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Why Local Enterprise Partnerships need to do more for England's countryside

Local Enterprise Partnerships matter because they are gaining increasing responsibilities for public spending on regional development across England.

June 2018

Local Enterprise Partnerships (LEPs) are business-led partnerships between the private and public sector, designed to support and promote growth in economic areas defined by local business interests and local
government, and agreed with central Government.

There are currently 38 LEPs in England, which vary in geographical and economic, social and environmental impact. All LEP boards are chaired by a senior business figure and at least half (and often more) of the boards consist of people from the business sector, with the balance coming from local government and few if any members from environmental groups or other NGOs.

LEPs matter because they are gaining increasing responsibilities for public spending on regional development across England. Over the period from 2014 to 2020 they have been given, in total across the 38 LEPs, £6.5 billion of European funding and £7.2 billion across three successive rounds of Growth Deals concluded with the UK Government. Per individual LEP the allocation of these funds varies from £150 million for the Cumbria LEP to £1.07 billion for the Greater Manchester LEP.

The European element of the funding partly covers rural development, and LEPs are also encouraged to work closely with Local Nature Partnerships (LNPs) on delivering environmental improvement. But great concerns have been raised about the failure of LEPs to take rural and countryside issues into account, as well as their governance, transparency, and accountability.

In order to find out more about the impact on the countryside and regeneration, CPRE surveyed its local groups during 2017. A total of 44 survey responses were received from 34 branches, covering 32 (out of the 38) LEPs. The findings suggest that most LEPs are ignoring the economic potential, social needs and environmental quality of rural communities. We also have particular concerns that LEPs take little interest in affordable and/or sustainable transport options, preferring instead to promote damaging and expensive road building schemes.

On rural and countryside policy issues, there is a clear feeling that LEPs are having a negative impact (60% of responses). Many LEPs appear to lack a rural reach and need to do more to address this deficiency. Coverage of environmental and social issues is inconsistent: we are aware of: only 50% working with their equivalent LNP; only 21% on rural affordable housing; and just 14% on rural transport.

Potential examples of good practice, however, include the Coast to Capital, Enterprise M3, and Greater Lincolnshire LEPs. In particular, LEPs in the South West set up a Rural Productivity Commission, which reported in 2017. The Commission has come up with a number of exciting ideas for investing in affordable housing, small farmers and natural and cultural heritage and we look forward to the sponsoring LEPs taking these up.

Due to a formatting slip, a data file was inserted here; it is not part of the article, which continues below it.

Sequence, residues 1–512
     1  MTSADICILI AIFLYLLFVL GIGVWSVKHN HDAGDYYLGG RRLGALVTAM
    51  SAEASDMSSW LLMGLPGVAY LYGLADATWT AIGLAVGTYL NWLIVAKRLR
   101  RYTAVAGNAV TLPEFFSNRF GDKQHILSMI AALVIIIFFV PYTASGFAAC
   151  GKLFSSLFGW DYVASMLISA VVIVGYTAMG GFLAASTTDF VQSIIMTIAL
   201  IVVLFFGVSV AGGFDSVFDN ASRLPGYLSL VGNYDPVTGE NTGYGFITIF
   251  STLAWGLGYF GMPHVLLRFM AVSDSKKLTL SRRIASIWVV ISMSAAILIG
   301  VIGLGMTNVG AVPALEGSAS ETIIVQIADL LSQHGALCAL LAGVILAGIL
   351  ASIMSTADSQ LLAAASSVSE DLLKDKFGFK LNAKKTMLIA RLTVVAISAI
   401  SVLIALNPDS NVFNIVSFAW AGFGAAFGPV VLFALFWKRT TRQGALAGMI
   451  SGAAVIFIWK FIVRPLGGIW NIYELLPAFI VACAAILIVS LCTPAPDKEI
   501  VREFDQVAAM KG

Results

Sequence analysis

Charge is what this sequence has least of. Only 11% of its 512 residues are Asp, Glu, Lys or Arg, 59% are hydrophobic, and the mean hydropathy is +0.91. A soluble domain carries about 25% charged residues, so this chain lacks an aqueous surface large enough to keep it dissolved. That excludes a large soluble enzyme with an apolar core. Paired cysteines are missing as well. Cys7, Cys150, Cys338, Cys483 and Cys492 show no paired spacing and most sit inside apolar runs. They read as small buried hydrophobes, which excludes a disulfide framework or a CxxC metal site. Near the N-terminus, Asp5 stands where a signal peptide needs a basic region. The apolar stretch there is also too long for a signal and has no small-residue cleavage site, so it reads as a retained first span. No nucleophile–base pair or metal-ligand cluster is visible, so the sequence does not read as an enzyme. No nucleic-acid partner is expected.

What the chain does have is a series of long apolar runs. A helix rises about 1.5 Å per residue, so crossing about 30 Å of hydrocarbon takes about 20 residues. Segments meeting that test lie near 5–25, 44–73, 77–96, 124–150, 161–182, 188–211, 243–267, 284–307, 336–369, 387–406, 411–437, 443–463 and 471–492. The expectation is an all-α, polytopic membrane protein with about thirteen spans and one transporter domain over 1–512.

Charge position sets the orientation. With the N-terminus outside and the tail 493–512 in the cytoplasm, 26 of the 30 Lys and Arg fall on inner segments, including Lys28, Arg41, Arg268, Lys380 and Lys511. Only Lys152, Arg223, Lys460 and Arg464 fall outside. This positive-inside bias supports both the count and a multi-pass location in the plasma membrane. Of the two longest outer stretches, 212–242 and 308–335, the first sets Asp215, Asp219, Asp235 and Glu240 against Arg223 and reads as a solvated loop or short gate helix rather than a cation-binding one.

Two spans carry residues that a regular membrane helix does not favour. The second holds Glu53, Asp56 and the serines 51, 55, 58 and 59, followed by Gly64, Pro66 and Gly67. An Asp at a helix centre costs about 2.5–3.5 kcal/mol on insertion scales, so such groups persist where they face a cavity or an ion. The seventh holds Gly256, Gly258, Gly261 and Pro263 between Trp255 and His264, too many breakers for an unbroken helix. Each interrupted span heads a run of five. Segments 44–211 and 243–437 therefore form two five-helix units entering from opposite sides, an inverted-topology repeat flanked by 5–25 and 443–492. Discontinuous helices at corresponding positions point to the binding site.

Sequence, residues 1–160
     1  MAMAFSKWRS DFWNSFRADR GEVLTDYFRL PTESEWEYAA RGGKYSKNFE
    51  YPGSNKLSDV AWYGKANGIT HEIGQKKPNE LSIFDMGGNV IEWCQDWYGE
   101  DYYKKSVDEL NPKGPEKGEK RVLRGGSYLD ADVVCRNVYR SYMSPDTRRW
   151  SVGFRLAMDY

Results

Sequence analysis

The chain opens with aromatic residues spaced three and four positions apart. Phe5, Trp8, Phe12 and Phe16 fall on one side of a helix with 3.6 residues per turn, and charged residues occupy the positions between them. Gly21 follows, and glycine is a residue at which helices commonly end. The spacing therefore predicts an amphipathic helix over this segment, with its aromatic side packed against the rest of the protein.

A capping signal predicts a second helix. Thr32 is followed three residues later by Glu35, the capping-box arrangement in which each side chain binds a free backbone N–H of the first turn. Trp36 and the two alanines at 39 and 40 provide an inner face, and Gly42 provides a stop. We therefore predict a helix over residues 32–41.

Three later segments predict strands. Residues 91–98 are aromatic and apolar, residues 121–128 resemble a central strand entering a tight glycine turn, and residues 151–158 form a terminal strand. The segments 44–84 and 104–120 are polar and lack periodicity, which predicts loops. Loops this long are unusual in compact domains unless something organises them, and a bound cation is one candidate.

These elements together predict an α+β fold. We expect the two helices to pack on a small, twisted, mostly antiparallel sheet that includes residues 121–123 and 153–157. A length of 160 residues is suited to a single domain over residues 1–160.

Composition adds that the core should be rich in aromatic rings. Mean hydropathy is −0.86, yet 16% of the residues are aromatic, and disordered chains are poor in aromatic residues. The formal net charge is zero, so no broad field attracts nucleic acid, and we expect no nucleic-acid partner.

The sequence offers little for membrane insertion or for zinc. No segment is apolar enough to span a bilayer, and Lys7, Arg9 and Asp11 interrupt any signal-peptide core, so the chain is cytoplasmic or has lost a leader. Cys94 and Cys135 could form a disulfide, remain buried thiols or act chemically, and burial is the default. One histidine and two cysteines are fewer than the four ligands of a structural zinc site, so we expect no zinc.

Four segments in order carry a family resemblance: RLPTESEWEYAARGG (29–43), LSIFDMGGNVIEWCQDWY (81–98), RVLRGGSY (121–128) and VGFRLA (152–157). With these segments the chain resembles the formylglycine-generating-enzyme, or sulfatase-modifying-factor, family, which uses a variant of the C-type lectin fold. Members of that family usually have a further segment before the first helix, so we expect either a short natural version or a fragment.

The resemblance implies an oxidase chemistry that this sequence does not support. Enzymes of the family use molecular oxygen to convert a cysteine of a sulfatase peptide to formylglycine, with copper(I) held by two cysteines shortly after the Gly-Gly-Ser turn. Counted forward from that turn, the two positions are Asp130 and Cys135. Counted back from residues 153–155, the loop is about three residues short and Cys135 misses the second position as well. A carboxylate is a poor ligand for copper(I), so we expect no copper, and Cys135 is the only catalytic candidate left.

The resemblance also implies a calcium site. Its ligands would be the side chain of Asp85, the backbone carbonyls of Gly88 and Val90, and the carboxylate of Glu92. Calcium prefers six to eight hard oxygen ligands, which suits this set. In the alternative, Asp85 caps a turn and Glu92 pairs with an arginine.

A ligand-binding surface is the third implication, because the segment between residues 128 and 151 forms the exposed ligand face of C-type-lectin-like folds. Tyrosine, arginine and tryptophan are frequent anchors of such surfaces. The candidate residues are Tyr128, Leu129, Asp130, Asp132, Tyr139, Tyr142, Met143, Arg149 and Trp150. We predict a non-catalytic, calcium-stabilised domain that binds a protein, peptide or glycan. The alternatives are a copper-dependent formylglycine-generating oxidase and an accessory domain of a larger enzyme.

LEPs may also be serving to reinforce inequalities within and between English regions rather than addressing them. Of the investment areas that CPRE’s local representatives were aware of, it was three times more
likely to be in a buoyant area than one in particular social need. Some LEPs are clearly investing in regenerating deprived communities, although this may only be due to the current requirements of the European element of their funding. Examples of these include the Cornwall, Derby and Nottingham (D2N2), Enterprise M3, Lancashire, and Solent LEPs. LEP responsibility in this area is expected to grow with the preparation of Local Industrial Strategies and the introduction of the Shared Prosperity Fund, so it will become critical for the LEP movement as a whole to take the lead in helping to address inequality within and between England’s regions.

In recent months LEP websites have improved significantly and have become better at providing LEP information to the general public. However, there still appears to be a lack of public awareness and often a lack of willingness amongst LEPs themselves to engage with the general public. This needs to improve. Only 21% of LEP websites appear to clearly provide evidence of progress with Strategic Economic Plans (SEPs) which form the basis of LEP activity. Few (only 24% according to our survey) LEPs hold public meetings although it also appears to be the case that public meetings are beginning to take place more often. Possible examples of good practice include Derby and Nottingham (D2N2), Heart of the South West, and Swindon & Wiltshire LEPs.

Rural businesses, including small farms, account for almost a quarter of all registered businesses in England – their importance to our economy cannot be understated. In order to both create thriving rural economies and help safeguard our countryside, we need LEPs to become more sensitive to the needs of rural communities, businesses and economies than the regional development agencies they replaced.

The full report can be found here.

Paul Miner, Head of Devolution and Strategic Plans at the Campaign to Protect Rural England

Follow @PaulMiner3 and @CPRE

The opinions expressed in this blog are the author's and not necessarily those of the wider Link membership.